Medical examiner revises cause of missing man's death

CARL SALAYER
CARL SALAYER

In an amended autopsy report, the county medical examiner has determined that Carl Salayer, the 67-year-old Ramona man whose body was found off Chablis Road in June, most likely died from environmental exposure with Parkinson's disease and Brugada syndrome as  contributing factors.

The original report attributed methamphetamine intoxication as the main cause of death. However, in a follow-up investigation the medical examiner's office said it learned that Salayer was prescribed selegiline, a medication used to treat Parkinson's.

"Selegiline is known to metabolize into methamphetamine and it is felt that the methamphetamine detected in the decedent's liver arose from the selegiline he was prescribed," said the medical examiner.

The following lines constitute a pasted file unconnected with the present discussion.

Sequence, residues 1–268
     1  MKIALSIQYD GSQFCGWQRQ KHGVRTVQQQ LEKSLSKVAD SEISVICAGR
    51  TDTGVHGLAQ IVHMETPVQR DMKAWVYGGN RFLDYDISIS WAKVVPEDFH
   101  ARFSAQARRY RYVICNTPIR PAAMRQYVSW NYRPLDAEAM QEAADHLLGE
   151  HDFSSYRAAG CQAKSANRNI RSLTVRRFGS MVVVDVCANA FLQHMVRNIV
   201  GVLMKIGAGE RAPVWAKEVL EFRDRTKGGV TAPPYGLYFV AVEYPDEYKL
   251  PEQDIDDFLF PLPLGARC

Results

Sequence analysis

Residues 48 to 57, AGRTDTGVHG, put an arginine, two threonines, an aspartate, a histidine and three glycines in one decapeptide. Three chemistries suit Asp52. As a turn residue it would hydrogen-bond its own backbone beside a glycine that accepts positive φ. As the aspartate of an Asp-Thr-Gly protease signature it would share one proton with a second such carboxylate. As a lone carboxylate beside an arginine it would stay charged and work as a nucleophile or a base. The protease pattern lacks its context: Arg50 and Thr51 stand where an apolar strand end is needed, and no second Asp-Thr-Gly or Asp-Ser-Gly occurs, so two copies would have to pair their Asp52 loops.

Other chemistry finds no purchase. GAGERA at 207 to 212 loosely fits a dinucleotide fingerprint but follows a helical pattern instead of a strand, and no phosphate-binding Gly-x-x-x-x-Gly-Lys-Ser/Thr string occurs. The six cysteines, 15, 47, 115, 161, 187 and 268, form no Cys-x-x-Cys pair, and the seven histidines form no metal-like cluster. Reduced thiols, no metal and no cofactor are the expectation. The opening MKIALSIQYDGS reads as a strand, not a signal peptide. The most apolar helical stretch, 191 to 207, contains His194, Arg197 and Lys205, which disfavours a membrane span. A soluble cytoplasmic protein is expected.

The small amount of methamphetamine detected in the liver "is not felt to have contributed in a significant way to death," stated the amended report.

Salayer went missing from his home in the 17000 block of Handlebar Road on June 17. The sheriff's department conducted search and rescue efforts until June 21, but could not locate him. His body was found in a heavily vegetated field on June 25 after a couple living on Chablis Road reported a foul odor, according to  authorities.

The medical examiner has classified Salayer's death as an accident. In addition to Parkinson's disease, Salayer had dementia-type symptoms, Brugada syndrome for which he had an implanted defibrillator, a gastric feeding tube and thyroid deficiencies, said the report.

   
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